Committee allows liquor sales for Easter rugby
Still haunted by the memory of drunken Sevens fans, Westpac Stadium management has been forced to jump through hoops to ensure rugby fans can have a beer this Easter.
Spotless Catering has been granted a special liquor licence to sell alcohol at the Super Rugby match between the Hurricanes and the Blues on Good Friday - but only after having to justify its management abilities before a Wellington District Licensing Committee on Friday.
The hearing came after police initially opposed the special licence application, motivated by concern about the 156 episodes of drunkenness breaching liquor laws at this year's Wellington Sevens. There were also 20 arrests and 270 people evicted during the February tournament.
But despite police withdrawing their opposition, the committee still insisted on a defended hearing, with commissioner Rex Woodhouse saying the sevens breaches represented "sufficient concern".
Under liquor laws, sale of alcohol is prohibited unless it is served with meals, or a special licence is issued for a specific event. The committee acknowledged a rugby match would constitute an event, but said the main concern was the alcohol control.
At Friday's hearing, Spotless and stadium managers argued that a Super Rugby game was a completely different event to the carnival atmosphere of the sevens.
Lawyer Alastair Sherriff said the committee had to compare "apples with apples" and "the sevens are a kumara".
In the five games since the sevens, only two people had caused alcohol-related trouble, he said. "There's no reason for you to think that anything untoward is going to happen."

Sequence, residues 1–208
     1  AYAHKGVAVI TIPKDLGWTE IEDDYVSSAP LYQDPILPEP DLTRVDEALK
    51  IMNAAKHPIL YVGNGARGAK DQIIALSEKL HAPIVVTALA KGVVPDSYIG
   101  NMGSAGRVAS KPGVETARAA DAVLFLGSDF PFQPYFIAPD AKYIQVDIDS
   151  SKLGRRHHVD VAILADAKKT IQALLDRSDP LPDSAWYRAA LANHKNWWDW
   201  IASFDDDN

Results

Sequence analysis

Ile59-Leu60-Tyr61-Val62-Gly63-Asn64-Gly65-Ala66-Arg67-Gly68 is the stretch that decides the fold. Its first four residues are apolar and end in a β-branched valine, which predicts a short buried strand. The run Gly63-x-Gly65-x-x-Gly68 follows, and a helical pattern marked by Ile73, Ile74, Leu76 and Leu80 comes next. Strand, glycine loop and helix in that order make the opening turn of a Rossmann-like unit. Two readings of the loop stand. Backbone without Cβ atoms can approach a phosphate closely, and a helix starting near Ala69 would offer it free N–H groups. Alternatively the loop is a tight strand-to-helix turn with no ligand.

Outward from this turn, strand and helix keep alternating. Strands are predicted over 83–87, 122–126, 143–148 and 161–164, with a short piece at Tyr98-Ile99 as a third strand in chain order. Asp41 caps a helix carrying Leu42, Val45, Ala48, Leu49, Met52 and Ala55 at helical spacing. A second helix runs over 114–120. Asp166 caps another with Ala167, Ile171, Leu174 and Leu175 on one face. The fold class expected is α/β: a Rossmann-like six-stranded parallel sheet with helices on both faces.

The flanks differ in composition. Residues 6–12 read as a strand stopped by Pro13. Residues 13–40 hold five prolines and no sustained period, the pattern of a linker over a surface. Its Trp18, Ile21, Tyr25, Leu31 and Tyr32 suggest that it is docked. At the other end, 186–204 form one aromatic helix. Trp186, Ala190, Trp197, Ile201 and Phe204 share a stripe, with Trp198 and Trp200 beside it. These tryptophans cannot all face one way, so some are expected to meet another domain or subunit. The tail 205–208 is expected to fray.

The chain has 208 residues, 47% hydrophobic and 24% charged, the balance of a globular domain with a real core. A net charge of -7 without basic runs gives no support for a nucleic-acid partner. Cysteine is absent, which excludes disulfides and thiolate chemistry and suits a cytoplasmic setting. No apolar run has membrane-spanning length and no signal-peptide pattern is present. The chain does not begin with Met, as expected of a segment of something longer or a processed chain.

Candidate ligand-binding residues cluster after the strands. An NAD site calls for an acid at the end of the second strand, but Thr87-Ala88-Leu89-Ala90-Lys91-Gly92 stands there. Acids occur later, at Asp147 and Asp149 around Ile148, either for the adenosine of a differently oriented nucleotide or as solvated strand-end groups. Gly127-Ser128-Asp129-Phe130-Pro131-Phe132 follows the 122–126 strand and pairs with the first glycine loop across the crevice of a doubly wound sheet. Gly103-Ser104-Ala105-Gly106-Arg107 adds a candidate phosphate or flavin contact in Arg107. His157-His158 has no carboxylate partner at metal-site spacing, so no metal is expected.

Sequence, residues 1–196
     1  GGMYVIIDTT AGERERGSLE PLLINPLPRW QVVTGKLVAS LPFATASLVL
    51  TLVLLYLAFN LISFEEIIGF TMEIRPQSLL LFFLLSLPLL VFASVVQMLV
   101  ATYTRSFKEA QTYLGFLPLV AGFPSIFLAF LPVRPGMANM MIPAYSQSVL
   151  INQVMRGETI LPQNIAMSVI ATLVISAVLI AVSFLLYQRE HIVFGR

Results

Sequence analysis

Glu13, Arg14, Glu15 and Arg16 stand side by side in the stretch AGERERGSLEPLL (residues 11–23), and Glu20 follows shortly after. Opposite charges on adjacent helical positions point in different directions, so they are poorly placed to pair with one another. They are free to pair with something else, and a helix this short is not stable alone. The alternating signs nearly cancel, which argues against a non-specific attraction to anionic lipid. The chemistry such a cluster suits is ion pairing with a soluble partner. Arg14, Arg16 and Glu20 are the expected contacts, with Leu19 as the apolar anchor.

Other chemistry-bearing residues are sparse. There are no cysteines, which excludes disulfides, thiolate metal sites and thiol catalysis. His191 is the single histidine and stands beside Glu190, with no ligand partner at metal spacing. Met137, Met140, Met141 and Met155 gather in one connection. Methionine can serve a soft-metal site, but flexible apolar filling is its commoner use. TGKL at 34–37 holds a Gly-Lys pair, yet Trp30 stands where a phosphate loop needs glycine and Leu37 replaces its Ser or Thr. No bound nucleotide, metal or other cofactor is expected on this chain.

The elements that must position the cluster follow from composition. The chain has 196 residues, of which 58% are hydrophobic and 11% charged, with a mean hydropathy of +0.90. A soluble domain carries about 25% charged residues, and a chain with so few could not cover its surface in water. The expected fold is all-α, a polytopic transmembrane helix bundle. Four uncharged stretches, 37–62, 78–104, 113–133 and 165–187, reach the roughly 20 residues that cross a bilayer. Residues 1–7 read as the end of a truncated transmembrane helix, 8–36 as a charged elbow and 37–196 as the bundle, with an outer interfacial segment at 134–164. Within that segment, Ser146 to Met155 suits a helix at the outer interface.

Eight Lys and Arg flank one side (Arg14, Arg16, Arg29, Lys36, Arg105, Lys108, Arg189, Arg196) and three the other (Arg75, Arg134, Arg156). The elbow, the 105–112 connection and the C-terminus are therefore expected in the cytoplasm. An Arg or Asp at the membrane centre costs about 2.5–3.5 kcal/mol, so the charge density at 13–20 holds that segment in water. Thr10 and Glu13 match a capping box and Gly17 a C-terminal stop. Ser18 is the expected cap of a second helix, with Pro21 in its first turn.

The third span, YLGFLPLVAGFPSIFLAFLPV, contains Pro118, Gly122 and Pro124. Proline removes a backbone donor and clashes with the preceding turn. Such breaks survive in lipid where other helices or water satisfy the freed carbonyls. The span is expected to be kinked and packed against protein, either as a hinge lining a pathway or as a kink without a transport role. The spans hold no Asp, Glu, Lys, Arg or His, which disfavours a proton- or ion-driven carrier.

He also argued that the perception this year's sevens was ill-behaved was skewed.
The 156 intoxicated people alleged by police represented just 0.3 per cent of the crowd, meaning 99.7 per cent of people "safely and responsibly enjoyed the event", he said.
Stadium chief executive Shane Harmon supported that point. "The consensus of stakeholders was that from their perspective it was the best ever and an improvement on previous years."
Despite police withdrawing their objection, alcohol harm prevention officer Sergeant Terry Fraser appeared, pointing out that while the events were different, the venue and management were the same - including the principal duty manager.
Spotless venue manager Michael Kirk said they had agreed that for Good Friday there would be 13 duty managers on site, each positioned at a different bar in the stadium, and each could lose their licence if there were any breaches at their station.
Police have lodged two alternative applications with the Alcohol Regulatory and Licensing Authority in relation to the sevens, requesting that either a special licence be issued - with terms agreed by police - or caterer Spotless's licence be suspended or cancelled.
The Dominion Post